Beinecke exhibit explores how professor’s ‘Jim Crow’ book influenced MLK

The library will display copies of the first and revised editions of C. Vann Woodward’s book “The Strange Career of Jim Crow” Jan. 14-27.
Different editions of C. Vann Woodward’s book “The Strange Career of Jim Crow” on display.

Around the Yale campus, C. Vann Woodward’s name is often associated with the Report of the Committee on Freedom of Expression at Yale, which he chaired in 1974. A new exhibition at the Beinecke Rare Book and Manuscript Library explores how an earlier work by the scholar influenced history and its relevance to the present day.

The Beinecke Library will display copies of the first and revised editions of Woodward’s book “The Strange Career of Jim Crow” Jan. 14-27, in conjunction with the Martin Luther King Day commemorations on campus.

The Strange Career of Jim Crow” was first published in 1955, based on lectures Woodward, then on the faculty of John Hopkins University, had given at the University of Virginia in 1954. In it, Woodward analyzed the economic and political origins of the “Jim Crow” legal regime of white supremacy and racial segregation that arose after Reconstruction at the end of the 19th century.

No book about segregation and its origins and development had as much impact on American society and education as Woodward’s ‘Strange Career,’” said David W. Blight, the Class of 1954 Professor of American History at Yale and director of the Gilder Lehrman Center for the Study of Slavery, Abolition, and Resistance.

Speaking to a crowd of more than 25,000 people from the steps of the capital in Montgomery, Alabam after a five-day voting rights march in 1965, Martin Luther King Jr. said: “C. Vann Woodward, in his book, ‘The Strange Career of Jim Crow,’ clearly points out, the segregation of the races was really a political stratagem employed by the emerging Bourbon interests in the South to keep the southern masses divided and southern labor the cheapest in the land.”

King made his remarks about Woodward in his address to a crowd of more than 25,000 people on March 25, 1965, as he spoke from the steps of the capitol in Montgomery, Alabama, at the conclusion of the five-day voting rights march that had begun in Selma. King drew on Woodward’s analysis at length in his speech, continuing:

Toward the end of the Reconstruction era, something very significant happened. That is what was known as the Populist Movement. The leaders of this movement began awakening the poor white masses and the former Negro slaves to the fact that they were being fleeced by the emerging Bourbon interests. Not only that, but they began uniting the Negro and white masses into a voting bloc that threatened to drive the Bourbon interests from the command posts of political power in the South. …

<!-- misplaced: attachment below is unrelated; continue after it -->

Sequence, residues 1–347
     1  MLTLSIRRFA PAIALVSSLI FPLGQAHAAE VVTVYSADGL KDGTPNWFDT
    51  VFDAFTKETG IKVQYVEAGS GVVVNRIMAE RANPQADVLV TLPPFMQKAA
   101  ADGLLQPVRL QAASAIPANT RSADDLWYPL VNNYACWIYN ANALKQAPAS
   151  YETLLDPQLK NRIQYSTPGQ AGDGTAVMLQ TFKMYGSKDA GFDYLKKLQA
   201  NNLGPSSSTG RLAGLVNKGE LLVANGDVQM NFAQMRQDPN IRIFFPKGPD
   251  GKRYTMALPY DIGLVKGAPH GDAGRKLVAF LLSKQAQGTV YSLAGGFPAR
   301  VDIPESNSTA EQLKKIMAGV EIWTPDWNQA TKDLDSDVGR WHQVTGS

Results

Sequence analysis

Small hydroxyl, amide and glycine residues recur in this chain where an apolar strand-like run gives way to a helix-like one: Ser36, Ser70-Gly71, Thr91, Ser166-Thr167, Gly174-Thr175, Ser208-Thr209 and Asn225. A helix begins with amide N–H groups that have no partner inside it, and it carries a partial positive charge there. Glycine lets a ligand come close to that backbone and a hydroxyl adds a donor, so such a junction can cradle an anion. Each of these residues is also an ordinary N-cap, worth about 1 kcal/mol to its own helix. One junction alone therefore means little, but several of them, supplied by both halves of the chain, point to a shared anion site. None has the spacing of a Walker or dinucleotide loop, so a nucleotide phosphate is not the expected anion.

To meet this threat, the southern aristocracy began immediately to engineer this development of a segregated society. I want you to follow me through here because this is very important to see the roots of racism and the denial of the right to vote. Through their control of mass media, they revised the doctrine of white supremacy. They saturated the thinking of the poor white masses with it, thus clouding their minds to the real issue involved in the Populist Movement. They then directed the placement on the books of the South of laws that made it a crime for Negroes and whites to come together as equals at any level. And that did it. That crippled and eventually destroyed the Populist Movement of the nineteenth century. (“Address at the Conclusion of the Selma to Montgomery March.”)

Woodward — who joined the Yale faculty in 1961 and taught until his retirement in 1977 — was present that day in Montgomery in 1965, along with other historians organized by John Hope Franklin, in solidarity with King and the movement against white supremacy and racial segregation

As a scholar and a citizen, Woodward contributed to the discourse about the nation’s “second Reconstruction,” a phrase Blight remembers that he first encountered in reading Woodward. Blight notes, “Woodward actually called the early civil rights movement by these words, showing that what the country now faced in the 1950s and 1960s (when he published revised editions) a return the same vexing issues as the 1860s and 1870s.”

Woodward’s classic book endures as a prime example of a historian engaged in the pursuits of social justice, and writing history that both changed the world and charted a way to a second Reconstruction,” Blight says.

In addition to copies of “The Strange Career of Jim Crow,” the Beinecke exhibit will also include items from the historic 1963 March on Washington for Jobs and Freedom led by King.

The Beinecke Library will also have a one-day special display in its reading room of other materials related to King and the African American Freedom Movement on the King holiday, Monday, Jan. 21, from noon to 4 p.m.

Beinecke Library events and exhibitions are free and open to the public. The library is located at 121 Wall St. Visit the Beinecke website for more information.


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